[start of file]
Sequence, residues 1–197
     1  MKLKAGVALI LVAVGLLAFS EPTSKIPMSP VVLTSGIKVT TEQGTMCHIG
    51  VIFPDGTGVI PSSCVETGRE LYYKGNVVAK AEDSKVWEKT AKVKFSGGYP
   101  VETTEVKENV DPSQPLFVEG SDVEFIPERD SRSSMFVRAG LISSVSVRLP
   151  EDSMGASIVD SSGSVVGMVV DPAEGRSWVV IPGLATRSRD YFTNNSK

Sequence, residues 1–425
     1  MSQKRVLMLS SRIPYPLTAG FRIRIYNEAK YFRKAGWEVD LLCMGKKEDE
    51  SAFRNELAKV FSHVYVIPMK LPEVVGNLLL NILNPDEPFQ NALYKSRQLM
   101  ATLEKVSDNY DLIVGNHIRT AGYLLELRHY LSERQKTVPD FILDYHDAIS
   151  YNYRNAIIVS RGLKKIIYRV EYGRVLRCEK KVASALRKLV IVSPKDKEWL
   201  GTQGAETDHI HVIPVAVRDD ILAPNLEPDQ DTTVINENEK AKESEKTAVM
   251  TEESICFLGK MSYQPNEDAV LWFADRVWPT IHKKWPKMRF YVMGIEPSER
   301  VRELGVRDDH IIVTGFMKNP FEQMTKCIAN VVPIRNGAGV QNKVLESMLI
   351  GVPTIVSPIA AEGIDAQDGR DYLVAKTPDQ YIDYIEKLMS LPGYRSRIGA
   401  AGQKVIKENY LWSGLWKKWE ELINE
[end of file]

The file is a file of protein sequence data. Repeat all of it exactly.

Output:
Sequence, residues 1–197
     1  MKLKAGVALI LVAVGLLAFS EPTSKIPMSP VVLTSGIKVT TEQGTMCHIG
    51  VIFPDGTGVI PSSCVETGRE LYYKGNVVAK AEDSKVWEKT AKVKFSGGYP
   101  VETTEVKENV DPSQPLFVEG SDVEFIPERD SRSSMFVRAG LISSVSVRLP
   151  EDSMGASIVD SSGSVVGMVV DPAEGRSWVV IPGLATRSRD YFTNNSK

Sequence, residues 1–425
     1  MSQKRVLMLS SRIPYPLTAG FRIRIYNEAK YFRKAGWEVD LLCMGKKEDE
    51  SAFRNELAKV FSHVYVIPMK LPEVVGNLLL NILNPDEPFQ NALYKSRQLM
   101  ATLEKVSDNY DLIVGNHIRT AGYLLELRHY LSERQKTVPD FILDYHDAIS
   151  YNYRNAIIVS RGLKKIIYRV EYGRVLRCEK KVASALRKLV IVSPKDKEWL
   201  GTQGAETDHI HVIPVAVRDD ILAPNLEPDQ DTTVINENEK AKESEKTAVM
   251  TEESICFLGK MSYQPNEDAV LWFADRVWPT IHKKWPKMRF YVMGIEPSER
   301  VRELGVRDDH IIVTGFMKNP FEQMTKCIAN VVPIRNGAGV QNKVLESMLI
   351  GVPTIVSPIA AEGIDAQDGR DYLVAKTPDQ YIDYIEKLMS LPGYRSRIGA
   401  AGQKVIKENY LWSGLWKKWE ELINE